Got up early as usual. Bus this evening at 5.30pm, so decided to do very little today. Packed up my bags and left my rucksack in the office. Thankfully, Beth is going back to Potosi. Couldnt stand her. The hostel was fine and the staff pleasant. Went to the Market which was nice – seeing people buying and selling. There is only 1 empty supermarket in town. People do there business on the street. Changing my mind a bit about Sucre, its not Salta but its a living city. People are going about their business as one should. With the poverty level in Bolovia, can you blame them. Bus left promptly. 14 hours to la Paz. The 2 german girls are also going to La Paz.











Sucre

Taken on the 2nd of May 2003

Sucre – Bolovia – the Market. So much fresh produce. Its incredible. i purchased some local fruit which was good. No idea of the name. Very colorful place.

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Sucre

Taken on the 2nd of May 2003

Sucre – Bolovia – the Market.

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Monday the 28th of April 2003 – Day 69

Monday the 28th of April 2003 – Day 69

More information on the town can be got here which is excellent infomation. Basically the town has a population of 121,000. It is a well preserved Spanish colonial city and the highest in the world (altitude 4090 metres), now a UNESCO World Heritage Site. Hard work walking around at this height.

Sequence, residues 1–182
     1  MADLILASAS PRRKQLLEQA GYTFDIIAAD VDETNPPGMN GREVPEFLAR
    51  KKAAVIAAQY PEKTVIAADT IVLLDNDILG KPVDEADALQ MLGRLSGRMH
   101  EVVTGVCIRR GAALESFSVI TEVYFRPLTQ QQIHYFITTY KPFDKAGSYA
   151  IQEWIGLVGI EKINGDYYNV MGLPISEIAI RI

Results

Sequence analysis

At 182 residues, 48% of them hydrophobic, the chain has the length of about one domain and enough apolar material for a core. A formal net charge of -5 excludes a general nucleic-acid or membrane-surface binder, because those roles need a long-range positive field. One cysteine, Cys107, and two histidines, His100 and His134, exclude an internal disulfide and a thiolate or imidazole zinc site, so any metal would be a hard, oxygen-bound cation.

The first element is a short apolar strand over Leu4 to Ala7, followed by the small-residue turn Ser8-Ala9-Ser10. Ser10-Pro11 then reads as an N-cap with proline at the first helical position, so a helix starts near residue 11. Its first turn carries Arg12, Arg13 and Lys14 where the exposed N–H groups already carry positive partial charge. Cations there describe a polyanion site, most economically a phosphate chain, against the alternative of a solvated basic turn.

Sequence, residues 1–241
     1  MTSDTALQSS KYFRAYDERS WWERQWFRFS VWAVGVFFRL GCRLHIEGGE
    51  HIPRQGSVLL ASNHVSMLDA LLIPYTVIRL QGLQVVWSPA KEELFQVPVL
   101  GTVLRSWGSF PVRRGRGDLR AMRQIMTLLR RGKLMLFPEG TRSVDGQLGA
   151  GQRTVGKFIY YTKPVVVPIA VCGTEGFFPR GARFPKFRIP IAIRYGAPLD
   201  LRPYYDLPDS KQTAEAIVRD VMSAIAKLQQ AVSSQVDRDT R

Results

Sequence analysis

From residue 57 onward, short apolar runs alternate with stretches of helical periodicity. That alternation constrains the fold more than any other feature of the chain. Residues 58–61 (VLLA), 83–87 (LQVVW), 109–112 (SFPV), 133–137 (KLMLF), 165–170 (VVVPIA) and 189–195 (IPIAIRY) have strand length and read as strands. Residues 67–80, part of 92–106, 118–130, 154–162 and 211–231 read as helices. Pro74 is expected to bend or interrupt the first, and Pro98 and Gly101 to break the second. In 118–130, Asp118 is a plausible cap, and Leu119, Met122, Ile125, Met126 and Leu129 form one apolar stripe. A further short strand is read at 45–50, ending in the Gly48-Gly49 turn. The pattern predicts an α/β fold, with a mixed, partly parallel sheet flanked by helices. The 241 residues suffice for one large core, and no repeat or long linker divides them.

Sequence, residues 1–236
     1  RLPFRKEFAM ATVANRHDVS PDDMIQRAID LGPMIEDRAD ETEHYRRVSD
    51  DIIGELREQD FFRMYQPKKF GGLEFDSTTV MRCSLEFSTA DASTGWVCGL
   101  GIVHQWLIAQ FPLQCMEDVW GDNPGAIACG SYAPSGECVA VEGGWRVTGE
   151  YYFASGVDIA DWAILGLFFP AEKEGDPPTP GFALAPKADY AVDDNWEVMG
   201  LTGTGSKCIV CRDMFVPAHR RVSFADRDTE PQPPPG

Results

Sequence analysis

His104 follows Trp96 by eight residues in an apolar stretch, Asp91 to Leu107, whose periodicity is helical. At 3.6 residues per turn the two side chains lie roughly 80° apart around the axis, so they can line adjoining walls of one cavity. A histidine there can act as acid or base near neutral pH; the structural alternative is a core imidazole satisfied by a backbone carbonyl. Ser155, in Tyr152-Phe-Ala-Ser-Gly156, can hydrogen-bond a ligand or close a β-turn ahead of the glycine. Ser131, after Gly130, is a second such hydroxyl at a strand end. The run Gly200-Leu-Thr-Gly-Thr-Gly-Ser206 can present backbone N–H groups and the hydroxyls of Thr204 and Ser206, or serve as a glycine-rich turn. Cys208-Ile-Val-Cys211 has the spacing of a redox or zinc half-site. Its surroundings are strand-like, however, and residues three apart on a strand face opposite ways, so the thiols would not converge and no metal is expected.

We got up at 8.00am to get breakfast at the cafe over the Koala tours office. Apple pie was 5 B for a massive portion. Rich and Beth were also doing the tour. The group of 15 were shepared onto a bus. We were brought to a depot to change into the miners gear. Waterproof (and dirt proof) top and pants, wellingtons and hard hat with battery operated head lamp. We then went to the miners market. At the market you have the opportunity to buy presents for the miners (on good days they may earn 20 B). A stick of dynamite, detonator and 2 metres of fuse cost only 16 B. Also welcome are cigarettes, Inca Cola drink, and the essential big bag of coca leaves. For 20 B expenditure you can make several miners very happy. It is through this method, they do not mind gringoes coming down to the mines and taking photographs.











Potosi- Bolovia – Mining Tour

Taken on the 28th of April 2003

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Potosi- Bolovia – Mining Tour

Taken on the 28th of April 2003

Potosi- Bolovia – Mining Tour. The kid with the green jersey facing the camera is 15 and has been working in the mines for a year. He may live another 20 years because of the fine dust and chemical exposure.

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Potosi- Bolovia – Mining Tour

Taken on the 28th of April 2003